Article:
Sudden Infant Death Syndrome Essay

3915 Words 16 Pages
Sudden Infant Death Syndrome

Sudden infant death syndrome, better known as S.I.D.S., is one of the leading causes for the inflated infant mortality rate in this country today. It is often misunderstood or unrecognizable. For the most part, the causes of SIDS are unknown to the general public. This is changing, however, as public awareness is ever increasing. Thus, the purpose of this paper will be to explain sudden infant death syndrome and its known or suggested causes. Also, the history of SIDS, the problems and emotional suffering that results from the loss of a child, the toll it takes on the surviving sibling, and possible counseling or other help that is available for parents who may have lost a child to SIDS are
…show more content…
Today where more research in this area is needed, researchers are making strides in combating this disease. But understanding the crucial aspects of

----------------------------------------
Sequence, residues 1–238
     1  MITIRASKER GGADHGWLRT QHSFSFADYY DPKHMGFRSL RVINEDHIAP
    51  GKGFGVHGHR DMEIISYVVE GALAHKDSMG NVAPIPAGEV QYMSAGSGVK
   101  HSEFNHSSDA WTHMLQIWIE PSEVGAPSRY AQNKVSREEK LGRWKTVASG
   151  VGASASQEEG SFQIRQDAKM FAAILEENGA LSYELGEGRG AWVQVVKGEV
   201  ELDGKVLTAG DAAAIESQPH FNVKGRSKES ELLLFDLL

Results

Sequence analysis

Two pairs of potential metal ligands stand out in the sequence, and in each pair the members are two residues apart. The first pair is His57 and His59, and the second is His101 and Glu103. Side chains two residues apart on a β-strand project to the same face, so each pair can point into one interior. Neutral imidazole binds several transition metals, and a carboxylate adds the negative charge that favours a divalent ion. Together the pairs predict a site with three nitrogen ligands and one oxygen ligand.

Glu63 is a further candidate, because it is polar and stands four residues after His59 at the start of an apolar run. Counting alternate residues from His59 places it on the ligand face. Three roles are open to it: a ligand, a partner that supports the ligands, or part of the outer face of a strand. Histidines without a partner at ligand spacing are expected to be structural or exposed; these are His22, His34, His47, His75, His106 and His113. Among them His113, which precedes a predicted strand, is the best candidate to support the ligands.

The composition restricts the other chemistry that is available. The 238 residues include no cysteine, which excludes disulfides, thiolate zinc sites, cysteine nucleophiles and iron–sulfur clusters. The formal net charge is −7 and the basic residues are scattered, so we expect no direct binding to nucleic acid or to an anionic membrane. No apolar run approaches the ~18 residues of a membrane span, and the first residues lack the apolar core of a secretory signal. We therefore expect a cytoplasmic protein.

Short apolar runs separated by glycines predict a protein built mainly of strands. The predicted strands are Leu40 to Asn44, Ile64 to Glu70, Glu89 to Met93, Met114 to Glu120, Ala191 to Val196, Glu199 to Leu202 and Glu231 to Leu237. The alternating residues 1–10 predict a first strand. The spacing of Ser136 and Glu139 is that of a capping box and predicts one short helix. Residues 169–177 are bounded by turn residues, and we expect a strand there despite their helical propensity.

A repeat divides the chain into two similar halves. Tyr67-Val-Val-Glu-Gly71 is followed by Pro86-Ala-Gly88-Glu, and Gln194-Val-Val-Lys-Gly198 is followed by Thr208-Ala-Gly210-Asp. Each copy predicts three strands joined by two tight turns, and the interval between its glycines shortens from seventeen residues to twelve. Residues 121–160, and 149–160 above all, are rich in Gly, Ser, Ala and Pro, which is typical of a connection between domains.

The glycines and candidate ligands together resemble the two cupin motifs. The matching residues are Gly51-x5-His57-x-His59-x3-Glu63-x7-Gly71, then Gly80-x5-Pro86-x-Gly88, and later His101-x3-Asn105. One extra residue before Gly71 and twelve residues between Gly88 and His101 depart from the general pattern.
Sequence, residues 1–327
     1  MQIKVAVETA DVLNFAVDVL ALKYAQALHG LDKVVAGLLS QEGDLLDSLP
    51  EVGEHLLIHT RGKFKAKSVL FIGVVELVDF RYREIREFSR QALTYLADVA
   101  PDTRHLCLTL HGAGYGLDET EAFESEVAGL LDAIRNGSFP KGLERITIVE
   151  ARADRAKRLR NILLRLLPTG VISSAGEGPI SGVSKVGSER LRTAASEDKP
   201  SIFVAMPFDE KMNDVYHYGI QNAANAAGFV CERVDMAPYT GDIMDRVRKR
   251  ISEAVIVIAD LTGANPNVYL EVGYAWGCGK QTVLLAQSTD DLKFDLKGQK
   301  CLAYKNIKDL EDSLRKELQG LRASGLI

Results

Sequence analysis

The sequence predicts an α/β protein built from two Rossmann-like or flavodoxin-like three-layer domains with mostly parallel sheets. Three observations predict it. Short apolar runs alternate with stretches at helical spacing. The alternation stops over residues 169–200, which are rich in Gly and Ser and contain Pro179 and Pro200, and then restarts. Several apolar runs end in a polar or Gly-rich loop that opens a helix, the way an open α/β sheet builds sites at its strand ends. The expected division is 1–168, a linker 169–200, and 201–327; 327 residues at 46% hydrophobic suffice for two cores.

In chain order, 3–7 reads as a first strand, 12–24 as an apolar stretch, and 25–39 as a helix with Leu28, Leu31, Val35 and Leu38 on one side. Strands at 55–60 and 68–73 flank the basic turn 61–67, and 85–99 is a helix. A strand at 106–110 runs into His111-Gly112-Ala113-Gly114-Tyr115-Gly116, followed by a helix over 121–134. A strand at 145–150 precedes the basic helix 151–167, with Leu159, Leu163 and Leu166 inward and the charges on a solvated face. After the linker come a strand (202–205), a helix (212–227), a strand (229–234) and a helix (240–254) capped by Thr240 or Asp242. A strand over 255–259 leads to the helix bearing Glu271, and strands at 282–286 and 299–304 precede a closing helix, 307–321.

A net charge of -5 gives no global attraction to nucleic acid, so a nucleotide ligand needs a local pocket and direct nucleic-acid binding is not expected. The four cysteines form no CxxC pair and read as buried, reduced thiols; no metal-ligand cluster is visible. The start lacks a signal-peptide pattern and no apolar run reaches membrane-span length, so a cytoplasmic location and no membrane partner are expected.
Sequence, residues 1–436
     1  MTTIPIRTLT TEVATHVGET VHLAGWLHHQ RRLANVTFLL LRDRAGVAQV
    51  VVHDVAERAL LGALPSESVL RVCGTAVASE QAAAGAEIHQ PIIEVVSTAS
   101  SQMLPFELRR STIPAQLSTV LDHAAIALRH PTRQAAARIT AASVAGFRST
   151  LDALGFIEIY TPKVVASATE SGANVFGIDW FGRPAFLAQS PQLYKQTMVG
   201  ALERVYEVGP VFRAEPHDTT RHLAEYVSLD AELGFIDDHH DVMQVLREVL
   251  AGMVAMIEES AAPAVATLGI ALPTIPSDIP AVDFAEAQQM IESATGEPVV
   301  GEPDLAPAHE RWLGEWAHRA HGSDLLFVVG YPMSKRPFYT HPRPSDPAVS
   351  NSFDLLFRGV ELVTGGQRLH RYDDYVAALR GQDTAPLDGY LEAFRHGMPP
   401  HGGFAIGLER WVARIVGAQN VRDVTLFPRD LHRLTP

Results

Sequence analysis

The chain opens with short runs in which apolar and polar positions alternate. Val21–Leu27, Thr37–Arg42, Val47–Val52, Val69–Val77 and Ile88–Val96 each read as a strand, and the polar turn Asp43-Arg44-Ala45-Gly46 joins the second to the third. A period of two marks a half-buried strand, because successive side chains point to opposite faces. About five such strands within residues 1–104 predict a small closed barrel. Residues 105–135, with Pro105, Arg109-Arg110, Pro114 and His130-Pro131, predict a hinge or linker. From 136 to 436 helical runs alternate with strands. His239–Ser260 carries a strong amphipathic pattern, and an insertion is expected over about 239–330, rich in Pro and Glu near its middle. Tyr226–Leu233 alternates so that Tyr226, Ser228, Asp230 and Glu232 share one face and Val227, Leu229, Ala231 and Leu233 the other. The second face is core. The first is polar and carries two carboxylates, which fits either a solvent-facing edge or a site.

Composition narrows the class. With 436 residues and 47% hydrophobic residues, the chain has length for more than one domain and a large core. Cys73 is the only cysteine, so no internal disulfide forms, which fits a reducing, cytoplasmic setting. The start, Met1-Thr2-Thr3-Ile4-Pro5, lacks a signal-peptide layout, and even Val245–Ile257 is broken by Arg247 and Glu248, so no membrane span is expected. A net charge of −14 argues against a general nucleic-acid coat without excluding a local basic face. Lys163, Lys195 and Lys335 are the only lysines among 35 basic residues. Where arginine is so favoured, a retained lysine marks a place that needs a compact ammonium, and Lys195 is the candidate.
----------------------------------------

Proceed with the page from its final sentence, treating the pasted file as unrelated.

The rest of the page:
SIDS and how to prevent it, are still limited. The leaders in this field are hoping to improve understanding of this disease by providing direction and opportunities for more quality intensified research. According to L. Stanley
James, MD, chair of neonatology at Columbian Presbyterian Medical Center in New
York City, "The government is now having a rejuvenation of SIDS research, and over the next five years, they are going to be putting in thirty to forty million dollars." The direction will be supplied through a five year research plan proposed by a panel of experts from The National Institute of Child and
Human Development in Bethesda, Maryland (Zylke 1565). In response to a Senate request, there will be representatives from the fields of epidemology, neonatology, cardiorespiratory and sleep research, neuroscience, behavioral medicine, pathology, infectious disease, immunology and metabolism to meet an release a report on current knowledge and research recommendations (Zylke 1565).
It was important to this group that people would have a definition of SIDS that would be acceptable to all. The current definition of SIDS, developed in 1969, states SIDS as being "the sudden death of any infant or young child which is unexpected by history and in which
Open Document